In autumn the government plans to make the biggest overnight cut to benefits since the creation of the welfare state.
The £20 weekly uplift to Universal Credit, introduced by the Chancellor, Rishi Sunak, last March to help people through the pandemic, is coming to an end – meaning the UK is heading for the “biggest overnight cut to the basic rate of social security since World War Two”, according to analysis by the Joseph Rowntree Foundation.
The basic Universal Credit payment for a single person aged over 25 will drop by £87 a month (or £1,040 a year).
Half a million more people face being pulled below the poverty line, including 200,000 children, as a result of the £20 uplift expiring at the beginning of October.
As calls to make the uplift permanent intensify – including from six former Conservative work and pensions secretaries – it’s shaping up to be a point of vulnerability for the government.
Naturally, ministers are getting their excuses in early. One of their main justifications seems to be that they want to focus on bringing people back into work.
“The emphasis has got to be about getting people into work,” Boris Johnson told the Liaison Committee in July, and that the government is focusing on a “jobs-led” recovery.
“The collective decision was made that as we see the economy open up, we shift the focus strongly into getting people into work and jobs,” the Work and Pensions Secretary Thérèse Coffey told the Work and Pensions Select Committee in July.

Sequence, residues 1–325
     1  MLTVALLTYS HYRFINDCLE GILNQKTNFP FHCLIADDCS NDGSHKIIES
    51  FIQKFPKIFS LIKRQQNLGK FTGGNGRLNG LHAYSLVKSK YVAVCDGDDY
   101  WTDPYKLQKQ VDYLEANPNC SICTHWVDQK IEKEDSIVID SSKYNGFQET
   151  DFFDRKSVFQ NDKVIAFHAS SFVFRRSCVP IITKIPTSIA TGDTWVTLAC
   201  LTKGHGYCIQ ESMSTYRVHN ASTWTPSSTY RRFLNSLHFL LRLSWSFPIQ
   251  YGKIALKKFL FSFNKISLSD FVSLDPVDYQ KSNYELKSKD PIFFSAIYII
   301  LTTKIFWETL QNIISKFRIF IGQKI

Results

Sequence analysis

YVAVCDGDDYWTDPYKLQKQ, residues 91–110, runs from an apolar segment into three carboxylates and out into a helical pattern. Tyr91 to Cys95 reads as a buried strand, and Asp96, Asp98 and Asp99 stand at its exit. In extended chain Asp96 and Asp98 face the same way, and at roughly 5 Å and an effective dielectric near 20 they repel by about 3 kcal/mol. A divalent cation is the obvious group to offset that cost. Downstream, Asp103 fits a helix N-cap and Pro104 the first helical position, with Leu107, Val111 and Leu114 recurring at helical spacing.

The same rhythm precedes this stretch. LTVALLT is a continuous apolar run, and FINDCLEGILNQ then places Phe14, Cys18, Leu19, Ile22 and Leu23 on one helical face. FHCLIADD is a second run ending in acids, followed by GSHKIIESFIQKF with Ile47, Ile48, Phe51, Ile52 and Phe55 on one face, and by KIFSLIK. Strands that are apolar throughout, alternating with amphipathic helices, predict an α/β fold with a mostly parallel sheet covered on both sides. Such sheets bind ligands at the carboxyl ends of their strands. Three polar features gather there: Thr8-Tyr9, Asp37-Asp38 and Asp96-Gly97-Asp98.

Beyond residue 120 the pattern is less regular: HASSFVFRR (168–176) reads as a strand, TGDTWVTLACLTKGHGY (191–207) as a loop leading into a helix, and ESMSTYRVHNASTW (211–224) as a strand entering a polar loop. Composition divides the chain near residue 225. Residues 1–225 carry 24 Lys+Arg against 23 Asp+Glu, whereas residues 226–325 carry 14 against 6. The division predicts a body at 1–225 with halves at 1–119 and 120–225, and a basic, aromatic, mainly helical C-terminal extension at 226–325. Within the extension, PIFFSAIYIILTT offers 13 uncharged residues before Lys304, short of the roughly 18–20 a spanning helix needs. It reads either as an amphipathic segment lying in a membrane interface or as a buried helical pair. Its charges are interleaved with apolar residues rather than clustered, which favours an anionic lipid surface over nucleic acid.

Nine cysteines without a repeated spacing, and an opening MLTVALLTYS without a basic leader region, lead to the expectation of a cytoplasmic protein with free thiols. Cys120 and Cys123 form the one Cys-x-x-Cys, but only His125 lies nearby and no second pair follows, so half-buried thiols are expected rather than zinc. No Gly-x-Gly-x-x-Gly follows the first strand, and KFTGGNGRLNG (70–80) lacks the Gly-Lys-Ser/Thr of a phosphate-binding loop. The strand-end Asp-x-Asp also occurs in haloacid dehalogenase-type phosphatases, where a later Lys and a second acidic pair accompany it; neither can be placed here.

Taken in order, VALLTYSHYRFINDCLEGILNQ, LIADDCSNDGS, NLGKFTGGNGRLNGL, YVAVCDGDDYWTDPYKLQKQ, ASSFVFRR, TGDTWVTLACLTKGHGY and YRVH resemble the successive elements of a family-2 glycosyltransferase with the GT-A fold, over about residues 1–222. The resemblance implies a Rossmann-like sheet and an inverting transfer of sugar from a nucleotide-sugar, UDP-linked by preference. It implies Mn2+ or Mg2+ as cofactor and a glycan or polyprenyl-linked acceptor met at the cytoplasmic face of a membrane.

“I don’t think [the £20 Universal Credit uplift] will help the most… Now, as the economy is reopening and businesses are hiring again, the right thing to do is to help people find really well-paid jobs,” Sunak told Sky News in August. The Prime Minister reiterated this point, saying claimants should rely on wages rises “through their efforts rather than through taxation of other people put into their pay packets, rather than welfare”.
The suggestion that “getting into work” and claiming Universal Credit are mutually exclusive, however, is disingenuous. More than a third of Universal Credit claimants are already working.
The latest figures show 37 per cent are in work, and a further 35 per cent are actively searching for work.
Chart by Patrick Scott
The figures also show that 42 per cent of claimants have no requirements to search for work, and 51 per cent have requirements to search for work.
Perhaps our politicians should be seeking an end to in-work poverty instead of cutting what remains of the safety net.